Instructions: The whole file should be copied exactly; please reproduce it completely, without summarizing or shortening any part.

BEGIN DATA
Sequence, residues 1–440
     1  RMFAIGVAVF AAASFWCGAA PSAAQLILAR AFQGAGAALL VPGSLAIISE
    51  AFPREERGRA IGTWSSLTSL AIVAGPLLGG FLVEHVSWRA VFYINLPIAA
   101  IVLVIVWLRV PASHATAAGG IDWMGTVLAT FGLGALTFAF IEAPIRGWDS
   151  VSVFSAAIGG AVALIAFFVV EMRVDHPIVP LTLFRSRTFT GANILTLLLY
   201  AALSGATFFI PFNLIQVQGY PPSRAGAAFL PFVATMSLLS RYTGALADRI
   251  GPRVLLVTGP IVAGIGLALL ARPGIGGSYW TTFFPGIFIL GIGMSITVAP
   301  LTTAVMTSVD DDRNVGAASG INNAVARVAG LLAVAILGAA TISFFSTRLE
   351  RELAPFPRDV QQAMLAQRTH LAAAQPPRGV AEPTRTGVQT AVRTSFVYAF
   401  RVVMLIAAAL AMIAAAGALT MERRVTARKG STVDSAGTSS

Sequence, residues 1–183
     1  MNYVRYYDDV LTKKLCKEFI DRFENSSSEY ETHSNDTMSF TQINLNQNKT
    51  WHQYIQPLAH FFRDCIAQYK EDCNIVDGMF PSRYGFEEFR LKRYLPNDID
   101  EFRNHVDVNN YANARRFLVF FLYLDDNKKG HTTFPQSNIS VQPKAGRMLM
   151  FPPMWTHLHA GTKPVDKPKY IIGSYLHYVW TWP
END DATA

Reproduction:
Sequence, residues 1–440
     1  RMFAIGVAVF AAASFWCGAA PSAAQLILAR AFQGAGAALL VPGSLAIISE
    51  AFPREERGRA IGTWSSLTSL AIVAGPLLGG FLVEHVSWRA VFYINLPIAA
   101  IVLVIVWLRV PASHATAAGG IDWMGTVLAT FGLGALTFAF IEAPIRGWDS
   151  VSVFSAAIGG AVALIAFFVV EMRVDHPIVP LTLFRSRTFT GANILTLLLY
   201  AALSGATFFI PFNLIQVQGY PPSRAGAAFL PFVATMSLLS RYTGALADRI
   251  GPRVLLVTGP IVAGIGLALL ARPGIGGSYW TTFFPGIFIL GIGMSITVAP
   301  LTTAVMTSVD DDRNVGAASG INNAVARVAG LLAVAILGAA TISFFSTRLE
   351  RELAPFPRDV QQAMLAQRTH LAAAQPPRGV AEPTRTGVQT AVRTSFVYAF
   401  RVVMLIAAAL AMIAAAGALT MERRVTARKG STVDSAGTSS

Sequence, residues 1–183
     1  MNYVRYYDDV LTKKLCKEFI DRFENSSSEY ETHSNDTMSF TQINLNQNKT
    51  WHQYIQPLAH FFRDCIAQYK EDCNIVDGMF PSRYGFEEFR LKRYLPNDID
   101  EFRNHVDVNN YANARRFLVF FLYLDDNKKG HTTFPQSNIS VQPKAGRMLM
   151  FPPMWTHLHA GTKPVDKPKY IIGSYLHYVW TWP